Hemp seed extracts, like soybeans, can be spiced to taste like chicken, steak, or pork and can be used to make tofu-type curd and margarine, at less cost than soybeans. (U.S. Agriculture Index: The Marijuana Farmers, 1972, Frazier.)
Hemp seed can be pressed for its vegetable oil, leaving a high protein seed cake as a byproduct. Sprouting any seed improves its nutritional value, and hemp can be sprouted and used like any other seed sprout for salads or cooking.
“Hemp is a favorite [bird seed] because of its nourishing oily content.” (Birds in the Garden, Margaret McKenny, 1939.)
When cannabis hemp is grown for seed, fully half the weight of the mature female plant is seed!
One almost-instant potential benefit is that all domesticated animals (dogs, cats), farm animals and poultry could be fed a nearly complete diet with just hemp seed extract protein and fat.
These two factors alone (everything else being equal) will allow animals maximum weight gain for less than current costs without any artificial growth steroids or other drugs currently poisoning the human race and food chain. In fact, hemp seed cake, the byproduct of oil pressing, was one of the world’s principal animal feeds until this century.
Hemp seed can be ground into meal, cooked, sweetened and combined with milk and made into a nutritional breakfast cereal—like oatmeal or cream of wheat. This type of porridge is known as a gruel.
Hemp leaves can also be brewed into a healthy tea and either medicinally or drunk as a beverage.
Spectre Of Worldwide Famine
The marijuana seed’s combination of amino acids, enzymes and edistins make more food protein and nutrients usable, and better than anything else. It allows a body with nutrition-blocking tuberculosis or almost any other ailment to get maximum nourishment.
By itself, widespread use of hemp seed food protein would save many of the world’s children currently dying from protein starvation! An estimated 60% of all children born in Third World countries (about 12-20 million a year) will die this way before reaching five years of age. Many times that number have their lives dramatically shortened and/or their brains decimated.
Remember hemp is a hearty plant that grows almost anywhere, even in adverse conditions.
Furthermore, recent studies indicate that depletion of the ozone layer threatens to reduce world soya production by a substantial amount—up to 30% or even 50%, depending on the fluctuation of the density of the ozone shield. But hemp, on the other hand, resists the damage caused by increasing ultraviolet radiation and actually flourishes in it by producing more cannabinoids which provide protection from ultraviolet light.
Australia, as many countries have throughout history, survived two prolonged famines in the 19th century using nothing but marijuana seeds for protein and marijuana leaves for roughage.
It’s no wonder that some Central and South Americans hate America and want us out; they see us as ignorant killers. For years, our government demanded the paraquat poisoning of their lands: Lands these farmers had grown cannabis on by law since 1564, when Prince Phillip of Spain had ordered it grown throughout his empire to provide food, sails, rope, towels, sheets and shirts—as well as providing one of the people’s most important folk medicines for fever, childbirth, epilepsy, and poultices for rheumatism.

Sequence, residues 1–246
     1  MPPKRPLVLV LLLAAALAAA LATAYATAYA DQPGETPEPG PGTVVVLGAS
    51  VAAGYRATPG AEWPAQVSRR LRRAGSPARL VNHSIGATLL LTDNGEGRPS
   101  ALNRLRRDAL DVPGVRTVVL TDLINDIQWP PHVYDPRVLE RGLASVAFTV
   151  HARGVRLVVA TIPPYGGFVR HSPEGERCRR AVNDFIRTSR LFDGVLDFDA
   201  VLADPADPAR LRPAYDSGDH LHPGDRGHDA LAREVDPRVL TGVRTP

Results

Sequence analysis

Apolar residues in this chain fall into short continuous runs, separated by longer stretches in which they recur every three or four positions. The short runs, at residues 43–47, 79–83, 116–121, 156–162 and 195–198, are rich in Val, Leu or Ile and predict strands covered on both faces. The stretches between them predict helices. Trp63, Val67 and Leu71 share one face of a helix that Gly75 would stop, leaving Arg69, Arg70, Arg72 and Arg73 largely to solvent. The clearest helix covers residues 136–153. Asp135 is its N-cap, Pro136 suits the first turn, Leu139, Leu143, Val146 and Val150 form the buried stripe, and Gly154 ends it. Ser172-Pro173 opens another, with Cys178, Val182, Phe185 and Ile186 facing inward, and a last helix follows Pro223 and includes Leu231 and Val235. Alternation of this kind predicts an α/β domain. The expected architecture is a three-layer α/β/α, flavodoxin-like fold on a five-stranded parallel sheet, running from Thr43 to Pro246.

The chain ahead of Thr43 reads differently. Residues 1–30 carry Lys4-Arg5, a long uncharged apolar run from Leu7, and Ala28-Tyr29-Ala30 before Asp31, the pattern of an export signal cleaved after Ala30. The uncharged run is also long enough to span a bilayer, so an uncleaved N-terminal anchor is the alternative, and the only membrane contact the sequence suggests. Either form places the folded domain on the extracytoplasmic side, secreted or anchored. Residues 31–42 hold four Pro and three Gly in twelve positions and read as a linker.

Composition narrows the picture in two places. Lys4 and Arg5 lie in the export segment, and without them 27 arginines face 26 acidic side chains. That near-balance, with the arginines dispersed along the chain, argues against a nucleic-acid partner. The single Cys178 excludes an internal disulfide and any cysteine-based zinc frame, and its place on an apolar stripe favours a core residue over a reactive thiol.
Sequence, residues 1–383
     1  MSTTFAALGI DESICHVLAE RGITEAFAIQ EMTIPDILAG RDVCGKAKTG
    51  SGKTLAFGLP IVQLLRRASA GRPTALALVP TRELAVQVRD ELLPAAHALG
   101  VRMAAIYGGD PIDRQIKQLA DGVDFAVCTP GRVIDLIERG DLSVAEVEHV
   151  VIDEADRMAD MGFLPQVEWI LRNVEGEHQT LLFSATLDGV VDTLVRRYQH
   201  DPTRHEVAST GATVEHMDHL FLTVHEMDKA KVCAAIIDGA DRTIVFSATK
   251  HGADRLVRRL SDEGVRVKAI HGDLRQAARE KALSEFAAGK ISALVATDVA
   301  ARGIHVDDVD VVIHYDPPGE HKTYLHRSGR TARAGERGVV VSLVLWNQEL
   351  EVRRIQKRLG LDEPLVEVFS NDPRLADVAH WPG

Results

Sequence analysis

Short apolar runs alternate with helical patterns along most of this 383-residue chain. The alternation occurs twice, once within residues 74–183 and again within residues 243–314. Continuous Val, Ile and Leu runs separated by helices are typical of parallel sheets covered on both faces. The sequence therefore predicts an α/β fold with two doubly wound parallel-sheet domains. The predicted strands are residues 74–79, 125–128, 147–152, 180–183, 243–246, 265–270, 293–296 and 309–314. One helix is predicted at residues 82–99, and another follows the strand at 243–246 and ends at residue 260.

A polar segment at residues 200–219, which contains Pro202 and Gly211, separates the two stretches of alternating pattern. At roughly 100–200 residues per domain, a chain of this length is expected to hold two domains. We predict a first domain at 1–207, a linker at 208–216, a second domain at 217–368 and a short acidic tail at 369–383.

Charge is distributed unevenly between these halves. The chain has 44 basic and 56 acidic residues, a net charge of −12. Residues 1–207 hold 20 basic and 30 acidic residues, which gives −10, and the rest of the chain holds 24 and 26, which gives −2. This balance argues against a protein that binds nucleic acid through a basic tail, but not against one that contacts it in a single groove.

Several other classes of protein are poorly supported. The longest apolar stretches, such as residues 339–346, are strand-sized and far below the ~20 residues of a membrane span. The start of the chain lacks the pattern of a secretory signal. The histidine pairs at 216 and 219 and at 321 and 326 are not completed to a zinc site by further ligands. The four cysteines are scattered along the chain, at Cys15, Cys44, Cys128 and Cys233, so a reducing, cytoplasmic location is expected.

Today if caught growing their old staple, cannabis, their U.S. supported government/military expropriates their lands. In exchange for doing this to their people, the leaders then qualify for American foreign and military aid; all because of marijuana, one of their peoples’ oldest livelihoods, folk medicines, food staples and joys.
A Fundamental Biological Link In The Food Chain
Our politicians who made these marijuana prohibition laws based on years of disinformation, may have doomed not only birds but the human race to extinction from another direction. Birds in the wild are essential to the food chain; and they continue to diminish in population due to—among other things, such as petrochemical pesticides—the lack of hemp seed!
With hemp seed in their diet, birds will live 10-20% longer. And their feathers have more oil, allowing longer flight.
There were more than 10 million acres of seed-laden cannabis hemp growing wild in the U.S. prior to 1937, feeding hundreds of millions of birds as their favorite and most necessary food until our government began its policy of total eradication of this most primary link in the food chain.
Oblivious to these inherent biocide (killing all life) dangers, our government (Reagan/Bush/Quayle/Rangel/Biden/Bennett/ DuPont, et al.) continues to escalate these programs of extinction unabated, both here and abroad, at the insistence of the DEA.
And not only hemp (read planet savior): DuPont has created strains of grain—for example wheat—that will only grow with their petrochemical fertilizers.
Their intention is to eradicate the surviving natural wheat and rye seeds, in the name of their personal corporate profits, leaving the planet (and all humans) solely at their corporate mercy for their hybrid strains which must have their petro-chemical fertilizers and pesticides. Corn is already so hybridized that it is not expected to last 50 years without human cultivation.
If for any reason these hybrids die out—as hybrids are apt to do—we will be without wheat forever.
Sturdy Paper Products